Kriens: SOA next big thing for IT spending
- By Doug Beizer
- Sep 20, 2006
NEW YORK ? It was the PC in the 1980s and Windows in the 1990s that led to record spending on technology and boom times for IT companies. Now, service-oriented architecture is looking like the next big growth driver, Juniper Network Inc.'s Chairman and CEO Scott Kriens said Tuesday in a keynote speech at the Interop New York trade show.
IT has evolved from the client-server environment to the Web-based world to today where things have evolved clientless, Kriens said. Now, enterprises are looking to get to where people, devices, machines and information all talk to each other seamlessly.
"We are trying to create a world where everything talks to everything, which is kind of like saying, 'Can't we all get along?' " Kriens said. "But the problem ? and why the search for what's real is so important ? is [that finding a solution is] not that simple."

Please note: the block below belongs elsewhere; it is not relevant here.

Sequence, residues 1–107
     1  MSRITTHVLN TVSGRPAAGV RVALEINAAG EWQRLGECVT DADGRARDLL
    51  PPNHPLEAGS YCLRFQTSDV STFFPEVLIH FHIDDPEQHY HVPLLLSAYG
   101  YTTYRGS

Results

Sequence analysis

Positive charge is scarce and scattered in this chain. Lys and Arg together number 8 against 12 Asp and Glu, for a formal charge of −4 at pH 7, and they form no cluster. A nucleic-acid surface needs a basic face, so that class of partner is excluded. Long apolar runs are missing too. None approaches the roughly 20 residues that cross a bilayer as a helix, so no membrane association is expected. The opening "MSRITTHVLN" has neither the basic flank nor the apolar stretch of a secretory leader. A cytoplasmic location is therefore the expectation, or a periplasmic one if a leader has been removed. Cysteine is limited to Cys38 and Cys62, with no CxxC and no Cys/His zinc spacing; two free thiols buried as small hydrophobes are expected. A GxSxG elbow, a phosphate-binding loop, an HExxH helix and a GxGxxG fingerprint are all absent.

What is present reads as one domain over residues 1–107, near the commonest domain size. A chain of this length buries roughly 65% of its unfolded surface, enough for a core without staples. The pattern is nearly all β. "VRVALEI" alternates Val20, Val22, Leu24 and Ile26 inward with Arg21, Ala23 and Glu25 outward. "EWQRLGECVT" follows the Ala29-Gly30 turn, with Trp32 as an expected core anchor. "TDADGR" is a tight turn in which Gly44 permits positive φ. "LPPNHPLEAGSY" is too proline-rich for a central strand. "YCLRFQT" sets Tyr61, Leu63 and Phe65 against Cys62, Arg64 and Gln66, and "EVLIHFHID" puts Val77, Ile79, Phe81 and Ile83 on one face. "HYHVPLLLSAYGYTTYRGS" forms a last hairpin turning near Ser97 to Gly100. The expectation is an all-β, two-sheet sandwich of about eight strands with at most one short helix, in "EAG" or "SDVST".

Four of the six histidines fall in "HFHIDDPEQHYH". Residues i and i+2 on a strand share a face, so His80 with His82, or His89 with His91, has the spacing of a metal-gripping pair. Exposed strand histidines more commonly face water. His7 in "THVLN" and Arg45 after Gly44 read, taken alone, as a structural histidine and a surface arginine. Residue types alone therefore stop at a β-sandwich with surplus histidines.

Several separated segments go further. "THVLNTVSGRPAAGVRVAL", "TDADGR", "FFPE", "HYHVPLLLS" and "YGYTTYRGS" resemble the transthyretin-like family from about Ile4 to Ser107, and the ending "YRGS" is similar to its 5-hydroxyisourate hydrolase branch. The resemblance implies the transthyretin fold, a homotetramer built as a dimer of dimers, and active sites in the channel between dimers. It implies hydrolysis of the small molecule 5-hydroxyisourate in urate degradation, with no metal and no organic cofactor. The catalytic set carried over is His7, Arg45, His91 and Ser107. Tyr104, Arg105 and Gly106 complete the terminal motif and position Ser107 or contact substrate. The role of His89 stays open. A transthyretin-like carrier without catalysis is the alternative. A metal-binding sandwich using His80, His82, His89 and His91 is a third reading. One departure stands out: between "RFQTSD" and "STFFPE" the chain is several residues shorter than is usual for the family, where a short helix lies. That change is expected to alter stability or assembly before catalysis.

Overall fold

Service-oriented architecture is one thing that will lead IT to that goal, Kriens said, comparing SOA to Web 2.0, in that, at some point, the label becomes meaningless, because it covers everything.
"We all know about the evolution of the [local area network]. As there became more of those, the [wide area network] became one of the next big things," Kriens said. Then came the Internet and the evolution of the IP infrastructure.
Today, the want is for "more than just an IP infrastructure or an Internet," he said. "We've got applications out there, and what we'd really like to do is tie those all together. And when we tie that all together, we get the online, real-time enterprise, [and that] is part of what makes this seamless reality among machines and people and devices and information happen."
Opportunity should be an offshoot of that goal. Citing data from Gartner Inc., Kriens said that 80 percent of new development projects will be provided through the basis of SOA by 2008. And by 2010, 80 percent of the application and software revenue growth will be from SOA, and SOA-related spending will be $11 billion.
Doug Beizer is a staff writer for Washington Technology.